Birthday boy Ross Taylor rode his luck to good effect and scored a spectacular 131 not out as New Zealand registered a comprehensive 110-run win over Pakistan in the World Cup Group A encounter in Pallekele (Kandy) on Tuesday.
Chasing a formidable total (302 for seven), Pakistan didn't even put up a semblance of a fight. They could only muster 192 runs in 41.4 overs.
Abdul Razzaq was the top-scorer for Pakistan with an attacking 62, his 74-ball knock inclusive of nine hits to the fence.
It was his 23rd ODI fifty, and in the process of scoring it (when on 22), he became only the fourth player to achieve the 5000 run / 250 wicket double.
Razzaq also was responsible for the best partnership in the Pakistani innings -- a 66-run stand for the ninth wicket with Umar Gul (34 not out).
Tim Southee was the most successful bowler for the Black Caps, his three for 25 taking his tally in the tournament to 10.
New Zealand captain Daniel Vettori injured his knee and didn't bowl in the Pakistan innings.
In what was the first One-Day International match at the brand new stadium, named after the legendary Muttiah Muralitharan, the Black Caps gave a good all-round performance to register their third win in four matches in the tournament.
More importantly, it was just their second win in eight matches over Pakistan in the World Cup while being their 35th win overall -- against 51 defeats -- in 89 matches.
For a team that had won just four of its last 21 matches coming into the fixture -- including defeats away at Bangladesh (4-0) and India (5-0) and a home defeat to Pakistan (2-3) -- it was nothing short of an incredible effort from the Black Caps.
Taylor, who turned 27 on Tuesday, returned to form in style, registering his fourth one-day hundred -- his first since October 2008, against Bangladesh.
The batsman's 124-ball knock was inclusive of eight hits to the fence and seven over it.
Taylor went through a wretched run of form coming into this game -- having registered just one 50-plus score in his last 14 innings. It didn't, therefore, surprise when he started on a tentative note.
However, a longer stay at the wicket, partly due to the fortunate reprieves -- most notably dropped by Kamran Akmal off Shoaib when on eight -- helped him gain in confidence as the innings progressed.
The last four overs were vintage stuff -- Taylor plundering runs in all parts of the ground, something he is known for, and forcing the Pakistan bowlers to commit mistakes.
In Martin Guptill (57) and the experienced Scott Styris (28) he got the support he required to build the innings.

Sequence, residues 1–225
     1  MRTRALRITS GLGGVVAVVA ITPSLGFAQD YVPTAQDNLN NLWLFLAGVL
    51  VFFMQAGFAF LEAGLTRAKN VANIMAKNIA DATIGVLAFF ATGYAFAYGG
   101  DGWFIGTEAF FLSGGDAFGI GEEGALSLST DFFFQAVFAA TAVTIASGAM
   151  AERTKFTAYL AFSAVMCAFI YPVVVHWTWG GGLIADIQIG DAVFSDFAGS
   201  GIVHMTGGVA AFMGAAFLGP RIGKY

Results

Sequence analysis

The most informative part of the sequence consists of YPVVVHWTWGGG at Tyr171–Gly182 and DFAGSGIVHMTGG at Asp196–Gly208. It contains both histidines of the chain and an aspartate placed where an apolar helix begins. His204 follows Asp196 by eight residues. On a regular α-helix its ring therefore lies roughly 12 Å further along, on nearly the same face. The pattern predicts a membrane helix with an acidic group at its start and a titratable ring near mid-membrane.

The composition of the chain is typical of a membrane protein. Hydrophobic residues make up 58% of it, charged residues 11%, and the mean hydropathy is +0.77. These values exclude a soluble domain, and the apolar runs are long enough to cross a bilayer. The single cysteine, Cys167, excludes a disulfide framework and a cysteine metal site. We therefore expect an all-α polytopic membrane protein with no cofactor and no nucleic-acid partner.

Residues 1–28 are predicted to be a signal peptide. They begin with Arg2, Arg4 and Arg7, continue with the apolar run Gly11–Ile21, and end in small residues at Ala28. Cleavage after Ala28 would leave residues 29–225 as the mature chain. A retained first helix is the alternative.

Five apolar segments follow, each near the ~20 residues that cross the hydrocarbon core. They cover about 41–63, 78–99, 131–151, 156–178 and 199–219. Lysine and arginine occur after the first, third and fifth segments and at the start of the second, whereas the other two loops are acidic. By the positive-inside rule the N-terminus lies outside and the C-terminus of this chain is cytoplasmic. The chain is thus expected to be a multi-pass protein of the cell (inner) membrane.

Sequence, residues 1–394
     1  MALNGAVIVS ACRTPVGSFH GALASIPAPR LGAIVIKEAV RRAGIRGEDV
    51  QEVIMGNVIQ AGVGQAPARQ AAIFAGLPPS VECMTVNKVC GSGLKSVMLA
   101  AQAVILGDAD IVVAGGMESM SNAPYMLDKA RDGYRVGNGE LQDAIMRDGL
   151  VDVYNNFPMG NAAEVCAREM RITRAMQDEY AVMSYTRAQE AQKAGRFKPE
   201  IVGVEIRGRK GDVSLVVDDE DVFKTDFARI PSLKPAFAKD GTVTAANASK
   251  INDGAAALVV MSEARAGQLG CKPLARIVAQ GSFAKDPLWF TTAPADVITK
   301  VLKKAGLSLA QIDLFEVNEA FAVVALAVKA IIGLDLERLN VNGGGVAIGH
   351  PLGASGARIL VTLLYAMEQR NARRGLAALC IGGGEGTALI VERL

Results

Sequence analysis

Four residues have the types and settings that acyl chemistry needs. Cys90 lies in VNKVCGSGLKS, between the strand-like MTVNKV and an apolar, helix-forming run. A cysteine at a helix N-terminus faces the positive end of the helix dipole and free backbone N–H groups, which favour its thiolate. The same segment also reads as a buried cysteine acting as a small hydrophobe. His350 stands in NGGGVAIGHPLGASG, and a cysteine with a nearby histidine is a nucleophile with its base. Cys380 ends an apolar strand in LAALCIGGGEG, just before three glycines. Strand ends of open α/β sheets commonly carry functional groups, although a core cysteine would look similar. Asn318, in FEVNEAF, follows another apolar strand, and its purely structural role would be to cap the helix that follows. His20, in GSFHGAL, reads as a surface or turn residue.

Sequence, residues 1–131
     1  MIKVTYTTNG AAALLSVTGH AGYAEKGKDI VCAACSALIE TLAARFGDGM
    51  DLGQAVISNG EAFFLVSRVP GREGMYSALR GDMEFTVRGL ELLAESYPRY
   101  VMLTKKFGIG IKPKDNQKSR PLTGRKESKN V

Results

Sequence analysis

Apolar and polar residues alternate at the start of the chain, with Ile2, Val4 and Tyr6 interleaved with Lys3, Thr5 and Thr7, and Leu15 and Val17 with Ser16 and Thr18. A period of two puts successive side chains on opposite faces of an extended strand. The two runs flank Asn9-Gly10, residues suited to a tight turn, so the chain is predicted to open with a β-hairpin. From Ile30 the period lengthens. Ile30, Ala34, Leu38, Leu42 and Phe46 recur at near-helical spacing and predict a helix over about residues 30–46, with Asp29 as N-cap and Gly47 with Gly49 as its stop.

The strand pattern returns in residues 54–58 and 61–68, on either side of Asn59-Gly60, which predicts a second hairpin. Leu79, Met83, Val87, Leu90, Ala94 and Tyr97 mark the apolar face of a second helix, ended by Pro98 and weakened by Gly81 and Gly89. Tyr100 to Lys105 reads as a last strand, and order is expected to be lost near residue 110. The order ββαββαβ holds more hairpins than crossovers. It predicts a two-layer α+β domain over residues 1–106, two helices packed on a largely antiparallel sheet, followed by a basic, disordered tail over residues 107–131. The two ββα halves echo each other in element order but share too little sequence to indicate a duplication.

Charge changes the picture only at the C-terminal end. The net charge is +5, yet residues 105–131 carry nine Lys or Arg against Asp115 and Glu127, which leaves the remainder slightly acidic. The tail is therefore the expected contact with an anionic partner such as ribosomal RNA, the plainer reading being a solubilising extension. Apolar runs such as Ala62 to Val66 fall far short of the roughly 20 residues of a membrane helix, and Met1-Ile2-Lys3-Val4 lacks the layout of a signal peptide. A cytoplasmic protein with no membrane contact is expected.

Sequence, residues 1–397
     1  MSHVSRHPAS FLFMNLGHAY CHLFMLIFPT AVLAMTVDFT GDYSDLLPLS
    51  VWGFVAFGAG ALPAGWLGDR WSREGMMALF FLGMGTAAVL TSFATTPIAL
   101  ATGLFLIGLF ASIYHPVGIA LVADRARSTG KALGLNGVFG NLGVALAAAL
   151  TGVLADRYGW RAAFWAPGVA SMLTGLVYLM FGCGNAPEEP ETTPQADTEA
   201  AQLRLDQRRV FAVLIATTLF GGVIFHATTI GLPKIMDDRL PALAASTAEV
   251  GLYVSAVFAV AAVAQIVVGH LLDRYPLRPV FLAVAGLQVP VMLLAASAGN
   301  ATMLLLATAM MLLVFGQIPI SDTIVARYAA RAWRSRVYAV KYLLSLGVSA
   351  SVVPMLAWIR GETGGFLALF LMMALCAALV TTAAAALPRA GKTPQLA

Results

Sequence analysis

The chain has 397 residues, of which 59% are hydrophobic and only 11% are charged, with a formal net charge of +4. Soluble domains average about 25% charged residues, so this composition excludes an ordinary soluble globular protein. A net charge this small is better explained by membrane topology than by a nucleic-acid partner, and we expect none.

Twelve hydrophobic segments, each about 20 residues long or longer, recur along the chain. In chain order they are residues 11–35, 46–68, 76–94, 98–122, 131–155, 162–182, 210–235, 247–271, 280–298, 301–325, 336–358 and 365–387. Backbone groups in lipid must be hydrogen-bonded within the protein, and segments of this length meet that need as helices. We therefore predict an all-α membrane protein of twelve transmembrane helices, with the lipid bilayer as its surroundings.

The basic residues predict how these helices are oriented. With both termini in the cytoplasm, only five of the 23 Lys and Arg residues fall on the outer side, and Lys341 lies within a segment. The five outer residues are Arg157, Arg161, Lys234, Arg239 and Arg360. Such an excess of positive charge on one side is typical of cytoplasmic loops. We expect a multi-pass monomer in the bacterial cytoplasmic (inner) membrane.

With Guptill he put on a 57-run stand for the third wicket, and with Styris, a crucial 62-run stand for the fifth. These two partnerships helped give the New Zealand innings the fillip it required.
And then there was an 85-run stand off just 22 balls -- between him and Jacob Oram (25) as 92 runs were plundered in the final four overs.
Umar Gul was the most successful bowler for Pakistan with figures of three for 32.
New Zealand innings:
New Zealand seemed to have got off to a spectacular start when Brendon McCullum (6) took advantage of a free hit and smashed the third ball of the opening over from Shoaib Akhtar for a maximum over midwicket.
However, the bowler had his revenge in the very next ball, cleaning up McCullum with a delivery that kept a bit low.
Martin Guptill and Jamie How (4) slowly but steadily helped New Zealand recover, combing aggression with caution to good measure.
The duo put on 47 runs for the second wicket. However, when things looked to have settled down for New Zealand, Gul struck, having How out leg before.
In came Ross Taylor, who had not been in the best of form. And sensing an opportunity Afridi re-introduced Shoaib into the attack.
The Rawalpindi Express was though unfortunate. Having twice induced the edge of Taylor's blade, he only witnessed the first going between the 'keeper and the slip to the boundary while Kamran Akmal dropped a sitter off the second edge.
Taylor had survived twice in the space of three balls. And Shoaib was twice unlucky.
New Zealand had made 68 for two after 15 overs.
Taylor rode his luck to forge a good third-wicket partnership with Guptill -- a stand that yielded 57 runs and laid the foundation of the Black Caps' innings.